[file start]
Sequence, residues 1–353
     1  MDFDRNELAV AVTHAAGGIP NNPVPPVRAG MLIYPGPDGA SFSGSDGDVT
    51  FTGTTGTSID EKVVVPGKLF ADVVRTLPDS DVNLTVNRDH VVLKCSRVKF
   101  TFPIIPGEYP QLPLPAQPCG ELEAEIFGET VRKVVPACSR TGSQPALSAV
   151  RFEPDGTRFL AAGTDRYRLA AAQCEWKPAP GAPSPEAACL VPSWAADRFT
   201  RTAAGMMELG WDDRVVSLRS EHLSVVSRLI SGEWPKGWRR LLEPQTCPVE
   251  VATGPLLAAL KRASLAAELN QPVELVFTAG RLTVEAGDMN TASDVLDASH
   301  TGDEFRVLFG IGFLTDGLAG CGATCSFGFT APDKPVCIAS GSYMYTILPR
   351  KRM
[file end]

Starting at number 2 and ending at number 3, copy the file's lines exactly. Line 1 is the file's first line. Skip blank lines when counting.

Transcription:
     1  MDFDRNELAV AVTHAAGGIP NNPVPPVRAG MLIYPGPDGA SFSGSDGDVT
    51  FTGTTGTSID EKVVVPGKLF ADVVRTLPDS DVNLTVNRDH VVLKCSRVKF